‘Whiteness is a malignant, parasitic like condition’: Journal of the American Psychoanalytic Association publishes paper by white psychoanalyst that claims whiteness is ‘voracious, insatiable, and perverse – with no permanent cure’
- Dr. Donald Moss published the article titled On Having Whiteness last month in the Journal of the American Psychoanalytic Association
- Moss, who teaches psychoanalysis at the New York Psychoanalytic Institute and the San Francisco Center for Psychoanalysis, has since been slammed online
- Dr. Moss has previously written a number of articles for academic journals with provocative titles and messages
A white psychoanalyst has published a paper in a respected academic journal branding whiteness ‘a malignant, parasitic like condition’ that is ‘incurable’ and triggers ‘perverse appetites,’ it has been revealed.
Dr. Donald Moss published the article titled On Having Whiteness last month in the Journal of the American Psychoanalytic Association, the abstract of which is available online.
Dr. Moss, who teaches psychoanalysis at the New York Psychoanalytic Institute and the San Francisco Center for Psychoanalysis, has been slammed online by other psychologists and psychiatrists for the new research.
‘Whiteness is a condition one first acquires and then one has—a malignant, parasitic-like condition to which “white” people have a particular susceptibility. The condition is foundational, generating characteristic ways of being in one’s body, in one’s mind, and in one’s world,’ the abstract for the article reads.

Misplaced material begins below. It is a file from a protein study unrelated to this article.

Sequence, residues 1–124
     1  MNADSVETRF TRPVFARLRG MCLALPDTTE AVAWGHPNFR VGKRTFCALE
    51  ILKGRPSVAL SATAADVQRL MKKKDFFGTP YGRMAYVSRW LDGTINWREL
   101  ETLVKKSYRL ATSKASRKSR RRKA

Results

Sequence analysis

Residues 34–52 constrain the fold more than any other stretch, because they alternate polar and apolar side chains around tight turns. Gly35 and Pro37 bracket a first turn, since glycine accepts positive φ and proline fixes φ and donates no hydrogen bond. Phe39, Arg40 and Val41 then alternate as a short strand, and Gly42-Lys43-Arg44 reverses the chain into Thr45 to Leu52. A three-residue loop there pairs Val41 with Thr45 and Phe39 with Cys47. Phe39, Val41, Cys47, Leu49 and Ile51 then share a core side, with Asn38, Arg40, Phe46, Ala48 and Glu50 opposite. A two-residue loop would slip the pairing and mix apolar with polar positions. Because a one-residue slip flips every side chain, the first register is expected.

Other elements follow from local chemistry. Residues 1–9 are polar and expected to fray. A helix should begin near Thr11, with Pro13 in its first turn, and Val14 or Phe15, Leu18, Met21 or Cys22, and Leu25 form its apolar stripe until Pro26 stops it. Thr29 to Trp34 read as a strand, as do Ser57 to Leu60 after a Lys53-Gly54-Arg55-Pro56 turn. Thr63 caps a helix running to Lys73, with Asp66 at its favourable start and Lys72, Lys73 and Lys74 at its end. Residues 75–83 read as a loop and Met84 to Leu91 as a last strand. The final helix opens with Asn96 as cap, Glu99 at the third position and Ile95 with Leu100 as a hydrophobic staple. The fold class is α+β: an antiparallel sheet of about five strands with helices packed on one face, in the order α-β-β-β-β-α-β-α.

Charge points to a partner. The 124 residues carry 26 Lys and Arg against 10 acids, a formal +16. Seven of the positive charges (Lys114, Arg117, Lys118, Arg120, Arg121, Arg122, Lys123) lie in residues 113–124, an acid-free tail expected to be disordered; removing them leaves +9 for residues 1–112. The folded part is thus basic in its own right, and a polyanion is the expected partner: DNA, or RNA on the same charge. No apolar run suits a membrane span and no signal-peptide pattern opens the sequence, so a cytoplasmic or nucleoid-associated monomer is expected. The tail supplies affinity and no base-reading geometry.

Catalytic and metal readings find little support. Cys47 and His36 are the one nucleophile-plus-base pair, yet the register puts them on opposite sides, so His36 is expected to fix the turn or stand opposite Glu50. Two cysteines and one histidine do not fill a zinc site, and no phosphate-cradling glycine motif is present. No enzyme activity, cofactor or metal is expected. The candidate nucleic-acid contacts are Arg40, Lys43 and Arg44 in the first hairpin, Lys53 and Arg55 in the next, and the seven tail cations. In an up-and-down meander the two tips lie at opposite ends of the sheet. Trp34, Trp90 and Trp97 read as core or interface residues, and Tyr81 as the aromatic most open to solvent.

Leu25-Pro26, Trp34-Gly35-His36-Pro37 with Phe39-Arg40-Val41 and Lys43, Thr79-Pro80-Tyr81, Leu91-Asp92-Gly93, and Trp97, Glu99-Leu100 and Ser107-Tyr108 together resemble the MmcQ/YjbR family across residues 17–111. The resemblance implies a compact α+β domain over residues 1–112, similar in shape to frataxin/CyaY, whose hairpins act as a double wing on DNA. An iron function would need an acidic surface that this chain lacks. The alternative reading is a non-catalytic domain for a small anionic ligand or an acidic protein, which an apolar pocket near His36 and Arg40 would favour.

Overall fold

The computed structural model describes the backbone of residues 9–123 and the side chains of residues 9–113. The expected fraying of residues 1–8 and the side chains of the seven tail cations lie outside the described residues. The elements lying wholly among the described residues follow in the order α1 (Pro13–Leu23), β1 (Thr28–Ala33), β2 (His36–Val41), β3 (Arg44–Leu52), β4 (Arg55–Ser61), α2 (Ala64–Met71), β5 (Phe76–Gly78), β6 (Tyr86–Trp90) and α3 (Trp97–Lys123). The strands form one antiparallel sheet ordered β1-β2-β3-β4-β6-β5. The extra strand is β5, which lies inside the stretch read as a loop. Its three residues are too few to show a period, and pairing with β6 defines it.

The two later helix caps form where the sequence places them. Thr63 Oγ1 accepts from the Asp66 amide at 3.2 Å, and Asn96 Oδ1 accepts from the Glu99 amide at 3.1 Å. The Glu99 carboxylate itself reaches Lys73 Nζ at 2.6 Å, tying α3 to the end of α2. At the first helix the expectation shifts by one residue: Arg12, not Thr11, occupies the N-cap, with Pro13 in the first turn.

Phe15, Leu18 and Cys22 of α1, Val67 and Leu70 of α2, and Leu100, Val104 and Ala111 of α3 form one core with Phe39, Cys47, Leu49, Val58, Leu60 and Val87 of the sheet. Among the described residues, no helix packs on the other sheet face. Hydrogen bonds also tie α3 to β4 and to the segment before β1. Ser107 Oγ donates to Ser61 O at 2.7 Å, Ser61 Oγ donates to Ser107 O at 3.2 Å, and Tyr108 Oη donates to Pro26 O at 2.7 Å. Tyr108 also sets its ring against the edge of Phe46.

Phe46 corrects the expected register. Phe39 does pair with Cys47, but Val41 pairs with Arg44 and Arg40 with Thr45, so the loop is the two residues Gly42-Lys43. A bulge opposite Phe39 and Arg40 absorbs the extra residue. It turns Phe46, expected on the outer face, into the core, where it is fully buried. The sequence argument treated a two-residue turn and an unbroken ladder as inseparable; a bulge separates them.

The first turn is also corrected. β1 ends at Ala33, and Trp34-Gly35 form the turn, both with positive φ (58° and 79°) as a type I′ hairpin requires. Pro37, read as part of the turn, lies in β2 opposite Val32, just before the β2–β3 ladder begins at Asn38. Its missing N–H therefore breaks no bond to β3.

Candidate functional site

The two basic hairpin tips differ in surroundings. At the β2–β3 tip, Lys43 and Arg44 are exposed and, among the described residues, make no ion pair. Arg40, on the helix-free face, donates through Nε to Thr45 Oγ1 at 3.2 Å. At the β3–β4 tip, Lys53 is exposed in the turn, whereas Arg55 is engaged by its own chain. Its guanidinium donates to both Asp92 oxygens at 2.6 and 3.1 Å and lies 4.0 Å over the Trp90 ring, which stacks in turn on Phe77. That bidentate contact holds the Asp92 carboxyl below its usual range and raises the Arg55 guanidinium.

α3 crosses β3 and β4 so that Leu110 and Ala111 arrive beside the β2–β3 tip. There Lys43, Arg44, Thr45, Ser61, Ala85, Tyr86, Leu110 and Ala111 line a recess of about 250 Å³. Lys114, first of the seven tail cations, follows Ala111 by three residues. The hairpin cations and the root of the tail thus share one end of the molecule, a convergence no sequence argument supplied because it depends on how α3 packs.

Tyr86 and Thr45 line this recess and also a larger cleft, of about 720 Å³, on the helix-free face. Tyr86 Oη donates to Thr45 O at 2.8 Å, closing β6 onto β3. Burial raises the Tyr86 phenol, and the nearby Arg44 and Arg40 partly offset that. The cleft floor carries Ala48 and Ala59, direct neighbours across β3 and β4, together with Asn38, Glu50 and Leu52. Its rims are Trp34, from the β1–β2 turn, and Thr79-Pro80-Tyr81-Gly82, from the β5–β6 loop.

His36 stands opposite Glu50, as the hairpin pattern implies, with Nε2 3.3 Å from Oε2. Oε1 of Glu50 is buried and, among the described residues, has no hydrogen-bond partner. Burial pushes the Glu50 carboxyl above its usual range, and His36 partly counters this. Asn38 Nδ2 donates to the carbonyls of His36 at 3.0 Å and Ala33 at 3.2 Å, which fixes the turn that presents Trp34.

‘Parasitic Whiteness renders its hosts’ appetites voracious, insatiable, and perverse. These deformed appetites particularly target nonwhite peoples.’
The abstract continues: ‘Once established, these appetites are nearly impossible to eliminate. Effective treatment consists of a combination of psychic and social-historical interventions.’
Dr. Donald Moss published the article titled On Having Whiteness last month in the Journal of the American Psychoanalytic Association
He wrote that whiteness is ‘a malignant, parasitic like condition’ that is ‘incurable’ and triggers ‘perverse appetites’. Pictured: A member of the Ku Klux Klan shouts during a rally in Charlottesville, Virginia in 2017
A screenshot shows the abstract for On Having Whiteness, the article by Dr. Moss
Dr. Moss wrote that such interventions ‘can reasonably aim only to reshape Whiteness’s infiltrated appetites’ while calling whiteness a ‘chronic condition’ for which ‘there is not yet a permanent cure.’
‘The ravages wreaked by the chronic condition can function either as warning (‘never again’) or as temptation (‘great again’). Memorialization alone, therefore, is no guarantee against regression,’ he wrote.
DailyMail.com has reached out to Dr. Moss for more information on how he came to his findings, as well as additional comment.
Last February, Dr. Moss taught an On Having Whiteness course with the same messages as the new journal article. Tickets for the course cost $40 for members of the general public to attend at the Center for Modern Psychoanalytic Studies.
A flier shows that ‘learning objectives’ for the course included teaching participants how to ‘explain the concept of internal racial identity’ and ‘identify obstacles to clinicians’ working effectively with issues of race in the therapeutic relationship.’